23 May 2022
Breadline Voices: 'No one wants potatoes because they can’t afford to turn on the gas'
By Damien Conrad, The Felix Project
Damien Conrad manages food partnerships for The Felix Project charity – the biggest surplus food distributor in London. He describes the daily challenges of delivering food aid as the capital’s food insecurity problem becomes ever-more entrenched.
I’ve worked at The Felix Project for four years; I spent three years at our depot, and now my role is to partner with frontline organisations that need surplus food deliveries from us, making sure we understand their needs. We link to borough councils and food partnerships to share best practice and make sure people are working with referral mechanisms so they are moving to a more dignified way to thrive rather than just survive. We also have a school programme, delivering to 150 schools and adding an educational offer on food waste too.
We deliver to 1,000 organisations already across the capital but every day the phone is ringing off the hook from frontline originations needing more food. We’ve gone from two food distribution depots two years ago to four depots; we have become part of the FareShare network making us the frontline food delivery service in London. FareShare makes sure we get 20% of the food that is available nationwide which illustrates the high food poverty level in London.
We are not just seeing increased need in the capital; where there is a need, it’s getting more entrenched, more profound. There are larger numbers of people relying on frontline organisations – often meaning there are queues around the block. For example, the Harrow Hub in Northwest London is feeding 1,700 families every Saturday – the queue is a mile down the road. People will often turn up at a food bank at eight in the morning despite the fact they know it will open in the afternoon. You often hear people asking; ‘how can you guarantee people need the food?’ No one queues all day if they don’t really need to.
Because we are a surplus food organisation, we often have seasonal stock – right now, we are coming to the end of the root vegetable season. Because long-life food is not deemed surplus, we don’t get a lot of pasta or rice. Unlike potatoes, which we get lots of but which take much longer to cook. The community organisations we are supplying are telling us that no one wants potatoes because they can’t afford to turn on the gas to cook them.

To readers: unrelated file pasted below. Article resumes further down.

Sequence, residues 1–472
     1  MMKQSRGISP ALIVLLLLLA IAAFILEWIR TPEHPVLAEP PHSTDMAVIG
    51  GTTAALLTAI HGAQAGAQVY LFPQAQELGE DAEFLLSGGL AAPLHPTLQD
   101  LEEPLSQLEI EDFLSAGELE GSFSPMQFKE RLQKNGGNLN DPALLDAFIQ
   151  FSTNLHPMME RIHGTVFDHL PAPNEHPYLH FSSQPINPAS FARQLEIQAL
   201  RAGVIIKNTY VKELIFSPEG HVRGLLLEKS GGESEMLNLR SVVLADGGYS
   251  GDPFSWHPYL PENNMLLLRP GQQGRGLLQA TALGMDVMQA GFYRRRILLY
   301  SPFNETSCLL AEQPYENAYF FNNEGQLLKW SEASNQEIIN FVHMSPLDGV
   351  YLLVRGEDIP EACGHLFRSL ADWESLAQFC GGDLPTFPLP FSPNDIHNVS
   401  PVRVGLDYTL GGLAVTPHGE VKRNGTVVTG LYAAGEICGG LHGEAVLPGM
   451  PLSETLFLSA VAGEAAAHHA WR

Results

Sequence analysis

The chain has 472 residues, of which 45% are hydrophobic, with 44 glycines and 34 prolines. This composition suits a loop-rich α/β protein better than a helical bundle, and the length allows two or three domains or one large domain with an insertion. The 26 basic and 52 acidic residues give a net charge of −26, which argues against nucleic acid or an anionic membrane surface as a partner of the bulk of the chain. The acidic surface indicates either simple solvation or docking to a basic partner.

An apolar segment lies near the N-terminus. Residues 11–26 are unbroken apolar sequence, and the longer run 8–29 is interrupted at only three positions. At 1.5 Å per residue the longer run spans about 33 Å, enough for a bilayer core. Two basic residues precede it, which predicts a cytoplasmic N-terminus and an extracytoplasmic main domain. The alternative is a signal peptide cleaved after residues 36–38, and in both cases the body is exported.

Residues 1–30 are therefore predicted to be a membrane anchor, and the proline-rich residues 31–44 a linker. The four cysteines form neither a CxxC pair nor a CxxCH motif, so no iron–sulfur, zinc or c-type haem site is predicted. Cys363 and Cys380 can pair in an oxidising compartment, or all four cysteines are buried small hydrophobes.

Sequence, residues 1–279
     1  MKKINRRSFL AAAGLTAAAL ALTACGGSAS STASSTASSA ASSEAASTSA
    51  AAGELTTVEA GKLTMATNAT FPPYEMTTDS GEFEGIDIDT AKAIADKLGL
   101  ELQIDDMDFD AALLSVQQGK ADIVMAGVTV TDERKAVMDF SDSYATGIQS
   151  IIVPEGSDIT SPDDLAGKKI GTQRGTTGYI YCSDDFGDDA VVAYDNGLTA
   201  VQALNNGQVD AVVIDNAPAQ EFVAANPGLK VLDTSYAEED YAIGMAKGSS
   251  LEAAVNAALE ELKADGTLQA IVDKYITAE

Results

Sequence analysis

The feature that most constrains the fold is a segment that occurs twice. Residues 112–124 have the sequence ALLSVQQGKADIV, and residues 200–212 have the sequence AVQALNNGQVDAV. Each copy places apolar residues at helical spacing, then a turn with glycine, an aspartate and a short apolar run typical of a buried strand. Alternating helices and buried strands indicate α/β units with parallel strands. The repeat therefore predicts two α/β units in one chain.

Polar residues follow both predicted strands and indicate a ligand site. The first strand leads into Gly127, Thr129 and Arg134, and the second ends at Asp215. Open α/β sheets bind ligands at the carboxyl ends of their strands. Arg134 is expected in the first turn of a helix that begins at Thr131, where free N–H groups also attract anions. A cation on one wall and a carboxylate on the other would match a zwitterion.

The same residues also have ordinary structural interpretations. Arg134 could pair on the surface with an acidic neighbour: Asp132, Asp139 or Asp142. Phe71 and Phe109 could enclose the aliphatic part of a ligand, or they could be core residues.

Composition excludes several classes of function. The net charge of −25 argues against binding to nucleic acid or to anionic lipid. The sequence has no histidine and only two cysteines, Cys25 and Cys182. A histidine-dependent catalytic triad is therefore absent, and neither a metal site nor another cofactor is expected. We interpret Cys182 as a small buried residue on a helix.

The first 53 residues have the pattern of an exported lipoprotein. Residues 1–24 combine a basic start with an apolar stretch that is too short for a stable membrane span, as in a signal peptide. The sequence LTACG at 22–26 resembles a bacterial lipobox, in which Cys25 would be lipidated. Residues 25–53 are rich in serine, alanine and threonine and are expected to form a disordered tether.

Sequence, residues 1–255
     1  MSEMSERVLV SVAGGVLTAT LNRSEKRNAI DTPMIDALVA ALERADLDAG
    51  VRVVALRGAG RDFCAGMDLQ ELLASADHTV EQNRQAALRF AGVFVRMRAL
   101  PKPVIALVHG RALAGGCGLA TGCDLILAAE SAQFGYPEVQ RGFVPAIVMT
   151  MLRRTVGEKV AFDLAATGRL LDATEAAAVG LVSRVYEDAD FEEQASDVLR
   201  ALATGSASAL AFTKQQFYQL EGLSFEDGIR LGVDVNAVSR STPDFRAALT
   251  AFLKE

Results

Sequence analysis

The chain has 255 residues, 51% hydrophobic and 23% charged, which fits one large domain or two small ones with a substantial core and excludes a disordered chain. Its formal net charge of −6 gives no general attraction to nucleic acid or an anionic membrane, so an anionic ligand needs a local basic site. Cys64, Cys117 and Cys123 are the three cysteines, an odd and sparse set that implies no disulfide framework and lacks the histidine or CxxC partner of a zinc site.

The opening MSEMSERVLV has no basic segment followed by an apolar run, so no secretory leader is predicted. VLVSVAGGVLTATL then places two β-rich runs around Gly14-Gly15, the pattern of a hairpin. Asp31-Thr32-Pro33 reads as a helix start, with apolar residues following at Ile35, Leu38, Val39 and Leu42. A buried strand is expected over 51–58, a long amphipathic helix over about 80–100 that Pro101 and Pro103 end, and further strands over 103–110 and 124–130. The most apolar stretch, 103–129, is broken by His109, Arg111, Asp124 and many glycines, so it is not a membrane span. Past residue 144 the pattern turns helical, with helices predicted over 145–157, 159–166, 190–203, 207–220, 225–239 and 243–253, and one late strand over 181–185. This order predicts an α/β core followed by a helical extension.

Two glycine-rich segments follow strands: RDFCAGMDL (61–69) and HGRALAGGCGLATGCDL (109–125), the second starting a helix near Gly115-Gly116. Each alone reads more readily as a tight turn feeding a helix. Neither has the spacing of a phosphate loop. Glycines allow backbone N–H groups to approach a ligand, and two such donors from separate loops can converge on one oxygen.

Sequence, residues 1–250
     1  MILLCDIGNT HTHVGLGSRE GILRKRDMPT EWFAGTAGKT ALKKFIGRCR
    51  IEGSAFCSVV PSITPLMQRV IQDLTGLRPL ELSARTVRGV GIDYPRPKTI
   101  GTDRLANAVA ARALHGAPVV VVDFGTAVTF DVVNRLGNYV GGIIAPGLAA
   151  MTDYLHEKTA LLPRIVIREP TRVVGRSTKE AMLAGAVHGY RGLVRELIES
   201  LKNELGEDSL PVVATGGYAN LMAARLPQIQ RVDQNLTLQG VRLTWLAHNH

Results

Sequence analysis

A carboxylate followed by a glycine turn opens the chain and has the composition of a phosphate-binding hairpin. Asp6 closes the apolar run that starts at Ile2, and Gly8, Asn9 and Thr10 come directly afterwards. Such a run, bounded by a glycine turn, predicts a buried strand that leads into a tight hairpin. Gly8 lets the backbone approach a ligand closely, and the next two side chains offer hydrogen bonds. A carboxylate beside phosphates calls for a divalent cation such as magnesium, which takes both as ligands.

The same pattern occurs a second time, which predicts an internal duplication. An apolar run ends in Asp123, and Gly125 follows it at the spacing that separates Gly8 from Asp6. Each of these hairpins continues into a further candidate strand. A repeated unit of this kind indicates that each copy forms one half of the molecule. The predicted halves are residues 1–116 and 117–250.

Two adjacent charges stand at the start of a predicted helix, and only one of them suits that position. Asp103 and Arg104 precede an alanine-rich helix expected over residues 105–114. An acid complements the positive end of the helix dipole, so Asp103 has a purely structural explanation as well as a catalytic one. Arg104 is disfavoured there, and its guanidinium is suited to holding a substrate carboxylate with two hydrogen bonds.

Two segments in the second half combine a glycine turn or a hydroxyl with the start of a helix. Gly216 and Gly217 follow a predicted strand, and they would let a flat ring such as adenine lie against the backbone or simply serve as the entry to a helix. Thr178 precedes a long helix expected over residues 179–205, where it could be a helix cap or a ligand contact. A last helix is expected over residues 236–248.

Working with the borough councils, we are trying to promote more food coops and community supermarkets, pantries and cash-first so we give people the ability and means to access the benefits they deserve and are entitled to. At food pantries, people go in and have choice, which is more dignified. But where there is a traditional food bank and queues, more and more so, it’s becoming disorderly, with increasing occurrences of food arriving, and members of the public diving in and grabbing it. The community organisations are trying to recruit more volunteers to deal with this. I recently drove down to Tower Hamlet’s borough Hub – where they are doing an amazing job distributing 40 tonnes of food a week. However, food is being bought to add to Felix Project surpluses but the funding available for food purchase is reducing, with an inevitable impact on residents.
We are delivering to everyone from, homeless hostels, to refugees to people with No Recourse to Public Funds, but we are especially seeing more families slipping through the net. The reason we built our new depot in Poplar was because Tower Hamlets has the greatest level of poverty of London boroughs – we are talking about more than 50% of children on Free School Meals. But when you look at the criteria of Free School Meals, there are a lot more in poverty who don’t necessarily qualify.
When term time finishes, we divert all the food that was going to schools to holiday programmes. Pre-Marcus Rashford, we were struggling to find holiday schemes – you were mostly reliant on the altruism of people on the frontline. Now it is better – but when you look at the number of children on Free School Meals in a borough and compare it to the number of children being fed by the Government’s Holiday Activities and Food schemes, there is a big gap.
In terms of our ability to meet the city’s needs – The Felix Project has finite resources. The food system in the UK is badly broken; whilst there is a lot of surplus food available and the millions of kilos that we do distribute broadly mirrors the NHS Eatwell guide, we can’t ever hope to be a panacea for 2.5 million Londoners going hungry.
This is part of Breadline Voices, a series from The Food Foundation highlighting the realities faced by millions of families plunged into food and fuel poverty as food prices reach a 40-year high.